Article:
Over all Objective
To influence trade and trade related policy processes for the attainment of peoples’ Economic Social and Cultural Rights.
Trade can be both a challenge and an opportunity to address equity in the economic arena as it can positively influence the distribution of income between men and women and improve the quality of life of the people. Unregulated trade can on the other hand also lead to violation of peoples basic and fundamental rights. In the last three decades, African countries have developed a number of policies and strategies aimed at developing their economies through trade. At a national level, Uganda has embraced an open market system as a way of enhancing trading opportunities and promoting economic development. Emphasis has largely been on two areas; promoting agriculture which employs over 75% (80% women) of the population and on promoting Foreign Direct Investment (FDI). However over the years governments in the region have neglected the agricultural sector ; and agricultural trade has mainly focused on raw materials with very limited value addition. The sector has been largely defined by government’s adoption of a privatization and deregulation policy opening the sector to private actors to control key sub sectors like the inputs sector and leaving market forces to determine prices of produce at local, national and regional levels.
The liberalization policy and assumed markets abroad have also ensured that small scale farmers are kept in a situation of low incomes as a result of exporting produce in its raw form and buying imported finished products. As part of its investment policy, the country has in the last 20 years concentrated more on attracting Foreign Direct Investment (FDI) at the expense of local investment. This is further compounded by the investment agreements that Uganda negotiates and signs with partners, which promote rights of the investor over people’s rights.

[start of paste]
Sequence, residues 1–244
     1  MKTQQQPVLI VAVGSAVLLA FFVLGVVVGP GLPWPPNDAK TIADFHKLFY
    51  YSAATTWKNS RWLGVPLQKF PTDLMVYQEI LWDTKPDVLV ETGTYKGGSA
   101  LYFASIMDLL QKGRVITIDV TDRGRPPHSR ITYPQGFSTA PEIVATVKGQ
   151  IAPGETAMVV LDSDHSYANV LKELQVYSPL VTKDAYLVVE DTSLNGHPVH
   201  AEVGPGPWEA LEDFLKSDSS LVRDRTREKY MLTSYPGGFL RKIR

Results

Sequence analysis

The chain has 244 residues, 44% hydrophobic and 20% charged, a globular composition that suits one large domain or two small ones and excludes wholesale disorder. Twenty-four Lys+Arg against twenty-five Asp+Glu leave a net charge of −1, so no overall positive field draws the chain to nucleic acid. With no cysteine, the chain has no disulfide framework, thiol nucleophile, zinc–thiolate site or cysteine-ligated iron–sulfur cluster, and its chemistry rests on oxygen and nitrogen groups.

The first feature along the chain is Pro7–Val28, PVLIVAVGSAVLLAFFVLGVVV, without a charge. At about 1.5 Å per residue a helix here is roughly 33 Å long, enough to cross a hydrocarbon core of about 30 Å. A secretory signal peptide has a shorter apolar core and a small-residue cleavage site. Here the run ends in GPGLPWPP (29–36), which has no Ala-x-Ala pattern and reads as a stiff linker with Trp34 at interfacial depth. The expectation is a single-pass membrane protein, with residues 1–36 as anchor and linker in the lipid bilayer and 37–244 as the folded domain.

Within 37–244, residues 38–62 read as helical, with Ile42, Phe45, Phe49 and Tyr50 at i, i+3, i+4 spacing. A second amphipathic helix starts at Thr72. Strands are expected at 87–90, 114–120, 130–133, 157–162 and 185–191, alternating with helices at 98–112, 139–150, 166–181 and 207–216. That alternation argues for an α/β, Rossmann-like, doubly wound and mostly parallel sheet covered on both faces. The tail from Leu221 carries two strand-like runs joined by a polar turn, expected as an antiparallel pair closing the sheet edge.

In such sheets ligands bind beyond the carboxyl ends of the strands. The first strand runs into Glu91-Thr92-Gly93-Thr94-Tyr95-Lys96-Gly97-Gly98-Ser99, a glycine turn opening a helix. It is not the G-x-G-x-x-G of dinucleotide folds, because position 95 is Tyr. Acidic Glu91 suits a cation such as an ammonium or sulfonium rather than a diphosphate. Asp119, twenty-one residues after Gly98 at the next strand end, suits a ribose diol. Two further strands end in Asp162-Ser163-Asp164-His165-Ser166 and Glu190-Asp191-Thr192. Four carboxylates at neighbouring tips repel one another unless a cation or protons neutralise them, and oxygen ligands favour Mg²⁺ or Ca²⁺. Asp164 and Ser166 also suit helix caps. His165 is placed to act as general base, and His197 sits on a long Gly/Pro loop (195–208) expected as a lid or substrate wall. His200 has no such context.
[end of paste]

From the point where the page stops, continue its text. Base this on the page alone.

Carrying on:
Most of the foreign investments are not in the productive sector, therefore FDI has not come with the assumed benefits such as increased employment and technology transfer but have rather infringed on people’s rights through loss of Jobs as local industries and products are pushed out of the market, increase in food insecurity as more land meant for food production is given up through investment deals. At the sub-regional and regional level, there are attempts to backstop the development challenges in African countries through policies and agreements to push for the development of key sectors like agriculture. The challenge however is with the lack of coherence between government’s positions in the various negotiations they are engaged in i.e. the EPAs, PATIA and the actual challenges on the ground. This situation has been exacerbated by climate change; impacting on food and fuel availability and pushing developed countries especially to aggressively look for cheap markets for food and fuel production.